Is the UK Treasury Falling Behind?

UK Treasury
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October 25, 2016 By: , No Comments

UK Treasury Concerned about Subdued Increases in Tax Revenues

For the first 6 months of the fiscal year, revenues increased by 3.6% in the UK. However, during September 2016, an increase of just 2.6% took place (compared to September 2015). Unemployment figures and tax receipts in the UK remain flat.

This is deeply concerning to economists who are worried about the full impact of a Brexit on the economy. Lower increases in tax revenue fall short of the guidance issued by official government agencies. For the second half of 2016, the OPR is anticipating receipts to grow at a much healthier pace. For October through April, a figure of 8% growth has been bandied about.

UK ministers are dismayed by the deteriorating conditions. The Chancellor of the Exchequer, Philip Hammond announced that net borrowing during the month of September rose by £1.2 billion. This brings the total public sector net borrowing to £10.6 billion. Deficit-reduction initiatives are coming under increasing pressure with slowing tax receipts. In November, the UK Treasury will release its Autumn Statement. The economic data provided by the services sector and retail sales appears to be at odds with the receipts at the Treasury. Public borrowing declined precipitously between 2008 and 2010.


No Major Shakeups Expected with Chancellor Phillip Hammond

When the UK Treasury meets on 23 November 2016, it is likely that the Chancellor will provide plenty more latitude in the budget. Year-on-year, borrowing is £2.2 billion higher (between September 2016 and September 2015). To balance the budget, that figure would have to be £10.2 billion less. However, Philip Hammond is unlikely to go on a spending spree for fears that debt is too high. The ONS is standing firmly behind the BOE Term Funding Scheme. This is designed to lower interest rates for bank clients. Overall, public debt could be increased by up to £100 billion through 2021/2022.


EU Leans on May for Brexit & Banks Cringe

Prime Minister Theresa May recently attended a Summit in Brussels to discuss Britain’s divorce from the European Union. May charged that the road ahead would be difficult and that significant give-and-take would be required. EU leaders are nonetheless dismayed that Theresa May has not pushed to invoke Article 50 of the Lisbon Treaty yet. Many European Union leaders are willing to go toe to toe with May if she drives the Brexit issue hard.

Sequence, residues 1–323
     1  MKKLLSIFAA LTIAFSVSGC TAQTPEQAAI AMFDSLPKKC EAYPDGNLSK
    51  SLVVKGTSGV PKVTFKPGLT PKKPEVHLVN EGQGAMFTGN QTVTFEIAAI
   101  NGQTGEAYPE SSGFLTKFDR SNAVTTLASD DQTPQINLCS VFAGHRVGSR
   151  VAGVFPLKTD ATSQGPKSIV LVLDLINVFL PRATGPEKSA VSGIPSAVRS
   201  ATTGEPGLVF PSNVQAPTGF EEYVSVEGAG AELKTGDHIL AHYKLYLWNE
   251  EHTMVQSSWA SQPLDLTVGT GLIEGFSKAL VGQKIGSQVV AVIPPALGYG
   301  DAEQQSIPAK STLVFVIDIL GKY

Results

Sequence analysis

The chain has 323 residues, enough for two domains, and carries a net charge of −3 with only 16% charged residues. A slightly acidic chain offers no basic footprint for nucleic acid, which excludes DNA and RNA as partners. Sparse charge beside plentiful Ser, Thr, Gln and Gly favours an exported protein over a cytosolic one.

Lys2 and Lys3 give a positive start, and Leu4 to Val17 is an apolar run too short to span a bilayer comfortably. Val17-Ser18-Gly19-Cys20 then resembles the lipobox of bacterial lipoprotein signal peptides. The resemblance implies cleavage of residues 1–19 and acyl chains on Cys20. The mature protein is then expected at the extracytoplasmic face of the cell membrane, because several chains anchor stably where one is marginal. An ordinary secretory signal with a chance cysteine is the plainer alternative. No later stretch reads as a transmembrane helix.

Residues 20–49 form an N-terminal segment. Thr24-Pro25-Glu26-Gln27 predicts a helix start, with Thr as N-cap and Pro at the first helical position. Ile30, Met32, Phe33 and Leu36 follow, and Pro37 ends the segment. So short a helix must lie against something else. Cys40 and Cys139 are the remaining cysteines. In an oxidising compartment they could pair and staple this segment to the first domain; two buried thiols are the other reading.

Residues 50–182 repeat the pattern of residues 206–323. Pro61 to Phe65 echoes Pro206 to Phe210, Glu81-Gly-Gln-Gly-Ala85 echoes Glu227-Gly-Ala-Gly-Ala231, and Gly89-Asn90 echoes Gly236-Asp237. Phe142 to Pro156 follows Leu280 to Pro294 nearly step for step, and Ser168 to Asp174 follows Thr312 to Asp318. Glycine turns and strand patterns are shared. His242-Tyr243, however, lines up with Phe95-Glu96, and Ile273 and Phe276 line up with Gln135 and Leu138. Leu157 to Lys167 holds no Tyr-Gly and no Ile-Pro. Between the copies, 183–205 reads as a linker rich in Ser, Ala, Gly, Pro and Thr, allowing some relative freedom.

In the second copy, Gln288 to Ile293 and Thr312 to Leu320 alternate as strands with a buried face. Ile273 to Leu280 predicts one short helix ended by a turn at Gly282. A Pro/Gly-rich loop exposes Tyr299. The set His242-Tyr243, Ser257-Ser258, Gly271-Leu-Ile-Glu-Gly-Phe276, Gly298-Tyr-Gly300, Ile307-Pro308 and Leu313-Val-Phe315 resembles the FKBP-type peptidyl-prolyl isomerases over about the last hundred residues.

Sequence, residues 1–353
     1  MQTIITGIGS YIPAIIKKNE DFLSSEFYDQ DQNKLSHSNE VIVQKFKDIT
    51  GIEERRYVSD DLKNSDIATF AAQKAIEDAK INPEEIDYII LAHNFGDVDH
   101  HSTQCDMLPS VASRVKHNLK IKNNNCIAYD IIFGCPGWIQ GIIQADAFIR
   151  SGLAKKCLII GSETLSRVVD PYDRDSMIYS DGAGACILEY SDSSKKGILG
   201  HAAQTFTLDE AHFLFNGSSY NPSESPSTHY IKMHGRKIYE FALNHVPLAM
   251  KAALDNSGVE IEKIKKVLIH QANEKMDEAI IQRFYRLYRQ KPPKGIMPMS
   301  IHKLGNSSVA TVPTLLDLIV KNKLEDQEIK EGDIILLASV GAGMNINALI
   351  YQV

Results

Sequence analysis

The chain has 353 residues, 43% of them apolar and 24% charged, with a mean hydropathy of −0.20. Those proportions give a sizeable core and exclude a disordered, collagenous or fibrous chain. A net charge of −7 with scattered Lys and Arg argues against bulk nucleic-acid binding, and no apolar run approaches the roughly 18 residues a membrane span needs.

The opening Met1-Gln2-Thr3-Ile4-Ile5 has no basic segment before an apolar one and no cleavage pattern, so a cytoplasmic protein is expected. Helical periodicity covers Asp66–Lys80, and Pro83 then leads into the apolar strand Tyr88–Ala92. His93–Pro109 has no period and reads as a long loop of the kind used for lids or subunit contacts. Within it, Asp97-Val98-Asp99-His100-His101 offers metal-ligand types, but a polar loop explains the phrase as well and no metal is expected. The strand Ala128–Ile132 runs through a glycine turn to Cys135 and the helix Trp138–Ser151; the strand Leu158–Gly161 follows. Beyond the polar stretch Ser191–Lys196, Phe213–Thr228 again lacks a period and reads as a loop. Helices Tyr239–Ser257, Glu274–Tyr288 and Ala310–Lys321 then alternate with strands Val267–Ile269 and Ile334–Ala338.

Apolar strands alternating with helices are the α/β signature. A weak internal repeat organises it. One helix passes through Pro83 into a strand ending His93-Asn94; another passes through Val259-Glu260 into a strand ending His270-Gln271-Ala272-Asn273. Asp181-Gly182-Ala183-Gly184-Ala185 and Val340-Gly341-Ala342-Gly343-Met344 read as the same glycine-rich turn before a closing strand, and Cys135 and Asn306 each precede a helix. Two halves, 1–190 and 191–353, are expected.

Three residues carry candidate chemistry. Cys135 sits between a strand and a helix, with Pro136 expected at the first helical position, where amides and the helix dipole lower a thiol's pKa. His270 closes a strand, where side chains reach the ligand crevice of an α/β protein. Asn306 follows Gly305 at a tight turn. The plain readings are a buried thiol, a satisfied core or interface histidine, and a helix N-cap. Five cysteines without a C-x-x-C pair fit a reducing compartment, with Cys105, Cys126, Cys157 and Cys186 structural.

Britain’s staunchest allies in the EU including Dutch Prime Minister, Mark Rutte believe there is no room for negotiation prior to official proceedings being launched. For her part, Prime Minister Theresa May has been conciliatory. She wants to lay out a blueprint for Britain’s partnership with the European Union before a Brexit is invoked. The maintenance of economic ties remains a key priority for Britain.

Meanwhile, several major banks in the UK are considering leaving for greener pastures. During the first few months of 2017, leading banks are seeking to abandon the City of London as their centre of operations. At stake is the issue of Passporting Rights – how banks can freely offer their services to all EU countries without let or hindrance. The UK government has attempted to assuage the concerns of the financial sector.

The issue at stake is whether May will opt for a hard Brexit from the single market or a soft Brexit. Small banks and big banks are now considering their options before Theresa May pulls the trigger. Goldman Sachs is one such bank that is making waves. It was reported in September that GS Vice Chairman – Michael Sherwood – will consider leaving London. Some 2,000 employees would abandon the country if the UK is no longer part of the single market.

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Brett Chatz

About Brett Chatz

Brett Chatz is a graduate of the University of South Africa, and holds a Bachelor of Commerce degree, with Economics and Strategic management as his major subjects. Nowadays Brett contributes from his vast expertise in online trading for


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